I've been experimenting with Chat GPT and lots of other AI tools. Using AI tools is easy, fun, and can be very beneficial for your business.
AI is artificial intelligence, of course, and if you've heard of any AI tool before, it probably is Chat GPT. It came around in November of 2022, so it's only been around for a few months, but it got wildly popular extremely fast and well over a million people are using it now. It’s also caused other AI tools to get pushed out to the market even faster because everybody wants to be able to compete with Chat GPT.
There is currently a free version and multiple paid options for Chat GPT. I suggest starting with the free version (that’s what I use) and then graduate to a paid option if you see that you need those features (speed and the amount of data it uses.)
I have a beginning Chat, GPT and AI course, as well, that walks you through the process, lists 25 different prompts with examples, and I provide a resource list with links to over 25 AI tools. (I keep adding to this list!) The course is only $7.00, and you can get it here: bit.ly/chatgptcourse.
Chat GPT is an “auto generative performance tool. This means it auto generates stuff and it auto generates a lot more things than people realize…
Many people just think that it only generates copy, but it can also generate images, music, resumes, social media posts, songs, chapter titles for your next book…all sorts of things. People have used it for emails, clergy have used it for sermons. It will, if you ask it to, edit your spelling and grammar, but, as a former teacher, I'm going to ask that you please not rely on Chat GPT for that. Grammarly (a Chrome extension) is a much better choice.
The information that you enter into the Chat GPT search is called a “prompt.” (I have loads of these that I have created and use on a regular basis inside my course.) Once you enter the information and click return, produces the content that you requested.
Note: Chat GPT isn’t a human and cannot read into what you’re requesting in your prompt. What you request is exactly what it produces, therefore, everything stems from how you create your prompts.
This is another reason why you should NEVER copy and paste what Chat GPT produces and publish that information as is. Please edit. Please make it sound like a human wrote it. Please make it sound like you wrote it!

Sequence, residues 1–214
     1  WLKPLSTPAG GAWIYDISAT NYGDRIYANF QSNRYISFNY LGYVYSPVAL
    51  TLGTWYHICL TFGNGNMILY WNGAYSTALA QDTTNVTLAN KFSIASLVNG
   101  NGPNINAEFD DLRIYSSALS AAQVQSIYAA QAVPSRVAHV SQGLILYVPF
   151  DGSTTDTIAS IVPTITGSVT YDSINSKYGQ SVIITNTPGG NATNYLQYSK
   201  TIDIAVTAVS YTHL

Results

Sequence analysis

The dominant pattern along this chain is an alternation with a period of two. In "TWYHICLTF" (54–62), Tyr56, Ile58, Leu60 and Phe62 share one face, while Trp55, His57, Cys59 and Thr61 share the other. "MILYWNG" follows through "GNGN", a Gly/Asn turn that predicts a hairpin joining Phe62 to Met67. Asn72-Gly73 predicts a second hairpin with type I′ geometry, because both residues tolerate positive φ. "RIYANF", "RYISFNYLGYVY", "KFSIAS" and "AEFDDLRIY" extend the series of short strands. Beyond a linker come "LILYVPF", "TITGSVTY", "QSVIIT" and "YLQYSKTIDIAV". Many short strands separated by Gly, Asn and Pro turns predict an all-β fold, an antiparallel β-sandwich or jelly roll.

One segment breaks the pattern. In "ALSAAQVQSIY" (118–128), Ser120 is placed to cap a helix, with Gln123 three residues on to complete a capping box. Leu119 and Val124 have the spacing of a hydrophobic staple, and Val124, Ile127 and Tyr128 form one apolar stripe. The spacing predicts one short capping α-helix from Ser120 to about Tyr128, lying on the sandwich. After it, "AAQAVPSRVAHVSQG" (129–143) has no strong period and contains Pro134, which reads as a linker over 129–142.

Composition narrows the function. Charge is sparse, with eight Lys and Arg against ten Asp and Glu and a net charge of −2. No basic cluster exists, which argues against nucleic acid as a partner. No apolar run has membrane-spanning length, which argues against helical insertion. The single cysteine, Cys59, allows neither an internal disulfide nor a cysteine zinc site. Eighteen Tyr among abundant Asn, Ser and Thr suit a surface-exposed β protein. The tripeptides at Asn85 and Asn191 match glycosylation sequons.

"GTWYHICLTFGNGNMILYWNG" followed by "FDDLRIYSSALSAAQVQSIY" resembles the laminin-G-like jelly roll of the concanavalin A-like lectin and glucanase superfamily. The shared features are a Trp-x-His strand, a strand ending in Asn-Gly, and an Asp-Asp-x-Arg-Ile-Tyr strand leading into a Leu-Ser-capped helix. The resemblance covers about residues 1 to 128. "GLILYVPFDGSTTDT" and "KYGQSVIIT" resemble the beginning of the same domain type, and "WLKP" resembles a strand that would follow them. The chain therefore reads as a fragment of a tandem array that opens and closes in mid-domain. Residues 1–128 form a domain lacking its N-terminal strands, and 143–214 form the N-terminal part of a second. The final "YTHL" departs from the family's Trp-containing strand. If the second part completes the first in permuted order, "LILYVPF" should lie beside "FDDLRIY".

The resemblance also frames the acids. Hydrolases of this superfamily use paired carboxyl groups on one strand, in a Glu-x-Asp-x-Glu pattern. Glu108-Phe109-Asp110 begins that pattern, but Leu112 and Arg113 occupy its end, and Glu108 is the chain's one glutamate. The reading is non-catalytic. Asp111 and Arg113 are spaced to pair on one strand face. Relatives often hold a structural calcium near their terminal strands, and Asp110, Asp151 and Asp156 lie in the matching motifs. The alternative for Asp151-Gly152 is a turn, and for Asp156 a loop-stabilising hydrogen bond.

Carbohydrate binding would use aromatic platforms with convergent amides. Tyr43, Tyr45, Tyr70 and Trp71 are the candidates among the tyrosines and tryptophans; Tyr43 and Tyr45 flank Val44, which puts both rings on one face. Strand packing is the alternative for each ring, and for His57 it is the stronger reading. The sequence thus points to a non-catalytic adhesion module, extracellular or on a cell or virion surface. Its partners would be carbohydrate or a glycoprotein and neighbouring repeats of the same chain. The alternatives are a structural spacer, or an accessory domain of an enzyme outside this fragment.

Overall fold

There are loads of tools out there that can detect if the copy that you're publishing was written by AI…Please proofread and edit everything. Remember that whatever you are submitting has your name and your reputation on it.
I used Chat GPT to “write” the five modules in my course…However, it kept glitching (possibly from use overload with all the people on it or because it’s new and they’re constantly updating it.) There was nothing wrong with my prompt, but it was unable to finish what I asked it to do. It would just stop partway through some of the information I requested. Also, in my prompt I told it to “write like a human” and what I received was very mechanical and grammatically incorrect. It wasn’t something that I would ever print or say word-for-word and the things that it gave me for podcasts and for blogs were identical, even though blogs and podcasts are very different. Chat GPT only knows the information that has already been inputted, so if nobody entered any information about how a blog post is very different from a podcast episode, it's not going to understand the difference…In fact, when it talked about blogging, it never mentioned readers, and when it talked about podcasts, it never mentioned listeners. The information provided for these simply said “audience,” and the information was almost word for word the same. So, you need to use detailed prompts, be really, careful, proofread, and edit. And the more specific your prompt is, the better information you are going to get from any of these tools. It takes a lot of practice and trial and error to writing quality prompts. Most people don’t know how to code, and writing a prompt is essentially coding with words…that’s why I created a course.
When I started using Chat GPT, I didn’t have any prompt templates (I have many of them in my course), so my prompts weren’t good and the information Chat GPT gave me was very, very general. Prompt templates will save you loads of time.
One of the things that I've seen a lot of on social media, is how Chat GPT will immediately write the perfect song for you or a great article, or a job that will get you that job you’ve been wanting. Although Chat GPT (and loads of other AI tools) can do these things, it cannot guarantee spelling, grammar, factual dates, or other data; like I said, it will only know what has been inputted, you have got to truly be the expert. Double check all of that.